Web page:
Although the hurricane season doesn’t end until 30th November, the hurricane season this year has presented an unheard of number of storms when based against the numbers of storms recorded in each hurricane season in the past, recorded since 1950. In the last month alone, five hurricanes have occurred, which represents a frequency of hurricanes never before heard of in that space of time. This is especially true as four of these storms formed in the space of just twenty days. Indeed, so far this season there have already been eleven named storms, six of which have been hurricanes.
With just over nine weeks left to go in the season, the weather forecasts of Weather Services International which predicted at least eighteen named storms this season, mean that whilst America hasn’t been hit by a major storm yet this season, vigilance still needs to be exercised, particularly as historically, the strongest storms hit in September. With Tropical Storm Lisa forming the twelfth storm of the season, still blowing more than three hundred miles off the Cape Verde Islands, the season doesn’t look like letting up.
The reason for this high number of tropical storms is partly due to the high temperature of the Atlantic Ocean this year. Warm ocean waters meeting warm moist air are what cause hurricanes to form, which is why hurricanes occur around the tropics. As the warm ocean waters evaporate, the water vapour meets cooler air high above, condensing to form clouds. As the water vapour condenses into cloud, the warmth released from the water vapour as it condensates causes cool air above the forming clouds to be heated also, so that the cool air moves higher, allowing more and more warm, humid air to form at higher altitudes as more and more water vapour evaporates from the ocean. This in turn creates more and more storm cloud.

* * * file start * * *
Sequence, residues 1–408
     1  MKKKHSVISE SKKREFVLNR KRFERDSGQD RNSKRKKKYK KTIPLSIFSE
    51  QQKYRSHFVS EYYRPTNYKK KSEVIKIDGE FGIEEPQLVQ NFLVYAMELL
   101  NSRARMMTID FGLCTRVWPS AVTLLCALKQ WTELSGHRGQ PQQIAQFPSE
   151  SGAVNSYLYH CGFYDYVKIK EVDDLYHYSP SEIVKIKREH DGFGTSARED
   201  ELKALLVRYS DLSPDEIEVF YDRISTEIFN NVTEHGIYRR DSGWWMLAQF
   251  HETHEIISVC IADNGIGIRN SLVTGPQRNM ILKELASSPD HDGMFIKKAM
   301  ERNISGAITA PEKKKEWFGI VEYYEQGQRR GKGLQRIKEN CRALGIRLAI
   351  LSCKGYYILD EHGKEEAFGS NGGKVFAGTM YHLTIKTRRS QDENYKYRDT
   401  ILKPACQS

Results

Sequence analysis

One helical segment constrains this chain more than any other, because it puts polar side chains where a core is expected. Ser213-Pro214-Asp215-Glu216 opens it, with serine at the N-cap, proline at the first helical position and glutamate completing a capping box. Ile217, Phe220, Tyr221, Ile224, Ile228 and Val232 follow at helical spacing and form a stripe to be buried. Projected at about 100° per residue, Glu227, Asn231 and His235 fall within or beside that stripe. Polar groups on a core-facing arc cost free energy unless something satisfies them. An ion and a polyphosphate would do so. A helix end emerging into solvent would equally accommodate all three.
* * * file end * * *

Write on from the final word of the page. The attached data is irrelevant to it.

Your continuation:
As the evaporation of the warm water also causes the ocean temperature to drop, the movement of heat into the atmosphere with cool water below creates wind patterns which circle, forming the spiral pattern of hurricane clouds. As these spinning winds converge with the winds of the storm above, this causes even more water vapour and so moist, warm air to evaporate, building the storm, whilst also building the wind speeds, as the strong winds at high altitude pull more and more heat upwards, away from the centre of the storm. As the air at high altitude is also at high pressure, this causes the warm air to move outwards away from the centre of the storm, creating the huge spiralling storm clouds that distinguish hurricanes.
As can be seen, the driving force behind hurricanes is the meeting of warm moist air with warm waters, as more and more heat is sucked up into the atmosphere as the warm ocean waters evaporate. As the waters of the Atlantic have been particularly warm this year, this is what is causing the high frequency of tropical storms and hurricanes, and for a prolonged period, as a higher temperature allows more heat to be absorbed by these storms for a greater part of the hurricane season.
This year’s storm season is also being affected by the phenomenon known as La Nina. This is the opposite of El Nino which drags warm water to the Eastern Pacific, preventing the rise of cool waters from the deep ocean along the west coast of South America, and leads to high precipitation storms. La Nina works as the counterpart to El Nino. La Nina causes a reduction in high altitude winds, which impede the formation of the storm clouds which turn into hurricanes. As such, less of the storm clouds are being dispersed before they can turn into tropical storms or hurricanes.
As such, the reason why the 2010 hurricane season has produced more storms than usual is the combination of record high sea temperatures in the Atlantic, combined with the effects of La Nina, which impedes the high altitude winds which help to scatter the storm clouds which turn into tropical storms or hurricanes.